The two countries with the highest number of assassinations in the period reviewed by the Assassination Monitor were Nigeria and Somalia. Significant numbers of killings were also reported in a range of other countries, including Mozambique and supposedly more democratic states, such as Kenya and South Africa. The geographical breadth of these killings demonstrates just how widespread the problem is, and just how much damage it does to justice, democracy and accountability.
One of the most distressing aspects of these deaths is how often they go under the radar, and how rarely those murdered get the recognition they deserve. This was painfully brought home to me in 2013, when my friend and research colleague Peter Wanyama was ambushed at the gate of his house and shot dead in what was clearly a premeditated murder.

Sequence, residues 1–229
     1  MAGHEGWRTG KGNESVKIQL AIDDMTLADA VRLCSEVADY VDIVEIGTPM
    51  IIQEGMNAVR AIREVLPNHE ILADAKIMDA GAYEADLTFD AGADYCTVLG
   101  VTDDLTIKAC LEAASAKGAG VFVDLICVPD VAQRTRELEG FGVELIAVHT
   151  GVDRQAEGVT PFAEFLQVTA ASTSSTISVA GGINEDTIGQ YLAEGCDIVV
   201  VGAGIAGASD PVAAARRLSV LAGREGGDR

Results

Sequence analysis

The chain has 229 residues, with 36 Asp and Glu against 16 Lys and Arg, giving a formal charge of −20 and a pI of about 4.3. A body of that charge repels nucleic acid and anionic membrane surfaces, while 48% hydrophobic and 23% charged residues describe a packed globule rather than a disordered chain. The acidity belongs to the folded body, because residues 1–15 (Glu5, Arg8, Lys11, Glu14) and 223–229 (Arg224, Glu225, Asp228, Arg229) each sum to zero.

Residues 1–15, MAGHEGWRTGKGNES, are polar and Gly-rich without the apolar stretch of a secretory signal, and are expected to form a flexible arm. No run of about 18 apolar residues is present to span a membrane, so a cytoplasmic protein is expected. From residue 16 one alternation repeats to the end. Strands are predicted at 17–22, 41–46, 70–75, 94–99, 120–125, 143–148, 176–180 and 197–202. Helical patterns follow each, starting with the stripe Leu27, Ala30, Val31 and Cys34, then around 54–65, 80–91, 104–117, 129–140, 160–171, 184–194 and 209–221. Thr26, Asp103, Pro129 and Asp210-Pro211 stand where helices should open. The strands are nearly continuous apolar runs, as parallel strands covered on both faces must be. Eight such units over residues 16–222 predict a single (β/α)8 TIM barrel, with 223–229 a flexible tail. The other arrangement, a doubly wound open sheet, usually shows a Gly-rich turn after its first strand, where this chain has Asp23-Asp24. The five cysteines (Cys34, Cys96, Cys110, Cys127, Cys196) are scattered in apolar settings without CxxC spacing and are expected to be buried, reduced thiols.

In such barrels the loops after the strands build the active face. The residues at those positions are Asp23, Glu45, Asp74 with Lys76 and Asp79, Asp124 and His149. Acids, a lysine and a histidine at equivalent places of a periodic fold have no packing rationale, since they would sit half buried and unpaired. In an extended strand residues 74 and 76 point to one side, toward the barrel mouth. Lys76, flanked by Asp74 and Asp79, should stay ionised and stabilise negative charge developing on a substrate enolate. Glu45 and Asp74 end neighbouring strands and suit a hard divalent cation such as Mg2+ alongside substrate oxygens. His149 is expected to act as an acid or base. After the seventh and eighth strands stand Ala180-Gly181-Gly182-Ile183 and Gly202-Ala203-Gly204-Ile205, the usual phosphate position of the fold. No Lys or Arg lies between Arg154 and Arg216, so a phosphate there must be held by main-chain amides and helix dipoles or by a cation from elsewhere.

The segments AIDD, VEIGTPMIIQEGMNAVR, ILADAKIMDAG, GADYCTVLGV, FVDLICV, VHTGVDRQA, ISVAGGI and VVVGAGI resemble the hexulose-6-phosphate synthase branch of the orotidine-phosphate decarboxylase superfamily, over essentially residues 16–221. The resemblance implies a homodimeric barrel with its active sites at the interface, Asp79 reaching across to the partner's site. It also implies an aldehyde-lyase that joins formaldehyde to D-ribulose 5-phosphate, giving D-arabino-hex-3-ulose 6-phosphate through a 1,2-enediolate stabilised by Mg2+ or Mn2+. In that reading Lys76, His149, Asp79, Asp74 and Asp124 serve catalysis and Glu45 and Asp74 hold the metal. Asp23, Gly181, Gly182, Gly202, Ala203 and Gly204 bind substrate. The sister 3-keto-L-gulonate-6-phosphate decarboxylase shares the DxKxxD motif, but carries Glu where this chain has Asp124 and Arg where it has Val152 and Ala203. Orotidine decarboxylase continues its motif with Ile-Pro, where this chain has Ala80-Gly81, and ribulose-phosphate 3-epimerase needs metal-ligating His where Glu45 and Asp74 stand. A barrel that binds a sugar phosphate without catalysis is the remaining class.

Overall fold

Wanyama was a Kenyan lawyer who took on the important but dangerous task of representing the families of people who ‘disappeared’ during political violence in the Mt Elgon region of the country between 2006-2008. At the time of his death, he was preparing to file cases with the High Court of Kenya on behalf of the missing, which had the potential to expose and embarrass the country’s security forces.
Despite Wanyama’s great sacrifice and courage, no one has been held accountable for his murder; no one has stepped in to look after his family and take care of their needs; and no statue has been erected in his honour.
The ripple effect of political murder